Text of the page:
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Imaging Changes

The radiological findings are as follows: (1) localized osteoporosis; (2) subperiosteal reaction; (3) concentric bone absorption; (4) soft tissue absorption; (5) acute infection and pathological fractures; (6) changes in the lower leg; (7) changes in the joints.

1. Localized osteoporosis under the infected area, with hazy bone destruction, is sometimes due to the soft tissue reaction and hyperemia but in other cases results from early, direct bone infection.

2. A subperiosteal reaction can be due to bone infection, which is seen radiologically as destruction of the trabeculae within the medulla and the production of small sequestrae. At this stage the changes are those of osteomyelitis. Healing can occur with little deformity if treatment is initiated rapidly, and the resulting radiographic appearance of the bone may return to normal. More frequently, permanent deformity results and the condition progresses (Fig. 34.18). The patient, who is without pain, continues to live his life, inflicting further damage. Healing is unlikely, but if further infection can be prevented, bone destruction does not progress. The radiographic appearances are misleading; the bones are often very hard and dense despite the gross changes.

3. Concentric absorption of the outer layers of the bone is often associated with new bone laid down within the medulla. There are two theories to explain this process. It may be that this is the normal process of bone replacement and osteoblastic activity within the medulla, consequent on a good blood supply maintained by movement of the patient. However, angiography suggests that the blood supply to the foot is in fact reduced and slowed, and has demonstrated local vascular granulomas in close proximity to the bones. It does seem more likely that this granulomatous reaction causes absorption by extrinsic pressure. Owing to the functional ischemia of the foot and the osteoblastic reaction, the medullary space narrows as endosteal new bone is laid down. Eventually the extrinsic absorption causes a fracture at the apex of the metatarsal shaft (the process is not dissimilar to the constricting band of ainhum). This narrowing is not always an "hour glass" shape. In other patients there is cupping of the proximal interphalangeal joint surfaces and the metatarsal heads become absorbed, with consequent subluxation increasing the deformity.

4. The absorption of soft tissues is very considerable in leprosy. As the ends of the bones are also absorbed there may be a large gap between the remaining bones, which are pulled together, adding to the distortion. Imbalance results because not all the muscles are paralyzed and the deformity is increased even further. This is likely to produce ulceration in a different site; the continued variations in the pressure areas inevitably lead to progressive ulceration. In the feet, as the metatarsals diminish in length by this process of concentric bone absorption, the entire foot shortens (Figs. 34.21-34.24). There is nearly always associated recurrent ulceration of the sole of the foot near the metatarsal heads. The toes remain attached as useless appendages and may actually fall or be rubbed off. One of the major problems in the tropics, where leprosy patients sleep on mats with their feet uncovered, is that rats nibble away the insensitive toes or fingers while the patient sleeps.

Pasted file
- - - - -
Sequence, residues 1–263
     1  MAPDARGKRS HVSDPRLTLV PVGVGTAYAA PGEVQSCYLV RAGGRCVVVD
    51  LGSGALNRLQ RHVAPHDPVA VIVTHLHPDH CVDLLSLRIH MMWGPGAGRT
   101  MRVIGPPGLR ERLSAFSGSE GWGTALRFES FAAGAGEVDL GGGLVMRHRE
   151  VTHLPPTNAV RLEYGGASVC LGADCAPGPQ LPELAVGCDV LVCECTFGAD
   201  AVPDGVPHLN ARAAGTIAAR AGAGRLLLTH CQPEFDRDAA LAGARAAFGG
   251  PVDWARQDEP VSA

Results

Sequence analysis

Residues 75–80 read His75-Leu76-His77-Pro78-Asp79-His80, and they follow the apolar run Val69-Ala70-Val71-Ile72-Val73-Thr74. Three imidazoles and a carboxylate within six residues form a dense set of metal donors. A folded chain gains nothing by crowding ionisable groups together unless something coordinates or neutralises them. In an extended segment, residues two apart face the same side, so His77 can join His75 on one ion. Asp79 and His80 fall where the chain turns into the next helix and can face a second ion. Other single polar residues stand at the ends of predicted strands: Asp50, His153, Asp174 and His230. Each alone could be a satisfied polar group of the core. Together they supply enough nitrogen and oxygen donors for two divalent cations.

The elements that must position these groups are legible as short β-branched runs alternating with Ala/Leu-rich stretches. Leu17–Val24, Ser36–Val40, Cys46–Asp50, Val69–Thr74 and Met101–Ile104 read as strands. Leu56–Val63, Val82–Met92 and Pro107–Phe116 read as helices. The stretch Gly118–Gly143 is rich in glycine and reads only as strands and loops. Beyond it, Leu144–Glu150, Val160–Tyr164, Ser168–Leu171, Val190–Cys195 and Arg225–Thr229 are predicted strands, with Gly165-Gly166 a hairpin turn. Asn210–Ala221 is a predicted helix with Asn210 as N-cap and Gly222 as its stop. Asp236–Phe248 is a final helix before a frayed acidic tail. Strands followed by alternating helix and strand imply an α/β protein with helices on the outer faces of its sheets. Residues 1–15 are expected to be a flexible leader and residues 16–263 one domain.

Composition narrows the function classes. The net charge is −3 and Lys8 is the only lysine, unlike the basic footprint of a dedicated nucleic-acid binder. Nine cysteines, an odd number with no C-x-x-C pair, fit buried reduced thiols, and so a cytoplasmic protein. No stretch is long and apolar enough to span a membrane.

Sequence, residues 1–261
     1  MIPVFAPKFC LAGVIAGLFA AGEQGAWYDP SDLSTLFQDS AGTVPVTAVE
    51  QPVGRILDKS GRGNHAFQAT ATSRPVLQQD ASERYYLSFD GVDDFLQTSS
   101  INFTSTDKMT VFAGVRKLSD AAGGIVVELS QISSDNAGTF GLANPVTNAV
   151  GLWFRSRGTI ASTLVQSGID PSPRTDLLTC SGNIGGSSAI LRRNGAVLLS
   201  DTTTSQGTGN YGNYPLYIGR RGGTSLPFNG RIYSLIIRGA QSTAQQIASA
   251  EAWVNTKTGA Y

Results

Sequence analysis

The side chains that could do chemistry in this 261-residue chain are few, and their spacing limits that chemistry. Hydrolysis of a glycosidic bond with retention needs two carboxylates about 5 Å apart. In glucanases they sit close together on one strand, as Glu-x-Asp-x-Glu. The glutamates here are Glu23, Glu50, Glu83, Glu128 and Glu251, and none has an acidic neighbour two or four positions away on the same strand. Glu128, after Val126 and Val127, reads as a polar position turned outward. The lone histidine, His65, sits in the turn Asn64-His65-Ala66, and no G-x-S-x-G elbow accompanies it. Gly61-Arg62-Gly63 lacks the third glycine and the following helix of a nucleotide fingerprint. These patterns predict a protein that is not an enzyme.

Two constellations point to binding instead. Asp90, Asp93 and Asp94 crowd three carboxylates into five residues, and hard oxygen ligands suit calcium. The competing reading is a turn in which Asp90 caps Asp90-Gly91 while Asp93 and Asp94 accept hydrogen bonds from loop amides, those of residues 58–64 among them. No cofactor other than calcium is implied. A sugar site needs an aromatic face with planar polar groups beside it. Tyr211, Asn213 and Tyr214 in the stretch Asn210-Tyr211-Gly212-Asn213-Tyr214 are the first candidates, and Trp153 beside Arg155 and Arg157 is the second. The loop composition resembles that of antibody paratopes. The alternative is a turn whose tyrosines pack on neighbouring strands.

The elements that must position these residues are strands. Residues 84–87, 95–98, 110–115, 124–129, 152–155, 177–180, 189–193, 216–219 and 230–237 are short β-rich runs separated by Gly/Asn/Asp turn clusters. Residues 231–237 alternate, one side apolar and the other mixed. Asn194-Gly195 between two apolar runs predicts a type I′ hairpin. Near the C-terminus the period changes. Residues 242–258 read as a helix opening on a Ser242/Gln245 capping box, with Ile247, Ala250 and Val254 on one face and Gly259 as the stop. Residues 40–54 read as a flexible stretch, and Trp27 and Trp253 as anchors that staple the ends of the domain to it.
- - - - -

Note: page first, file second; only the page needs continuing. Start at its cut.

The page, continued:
5. Acute infection also occurs in the hands and there may be severe osteolytic destruction (Fig. 34.23; see also Fig. 34.20). Because the hand is used abnormally to compensate for paralysis or difficulty in walking, it suffers the same stress as the feet. The whole process of infection, absorption, shortening, and soft tissue contraction continues, made worse by pathological fractures.





Fig. 34.21 A-J. The pattern of tapering and tuft resorption in leprosy. This usually indicates anesthesia, often without motor paralysis. When there is concentric bone resorption, there is often soft tissue ulceration under the metatarsal head; some phalanges eventually disappear; others are left with a characteristic spindle shape. This pattern is much the same in children and adults, but it may be altered by secondary infection. These patients came from Africa, India, the Caribbean, and the Pacific regions. A AFIP 69-42152; H AFIP 68-36423; I AFIP 69-33103.


Fig. 34.22 A-E. The end result of leprosy. The change in gait has altered the site of trophic ulceration. The heel ulcers cause large areas of bone absorption, and eventually secondary infection. D-EAs the talus disintegrates, with weight-bearing, there is complete disruption of the foot. The combined effect of leprosy and secondary infection leaves little normal anatomy or function.

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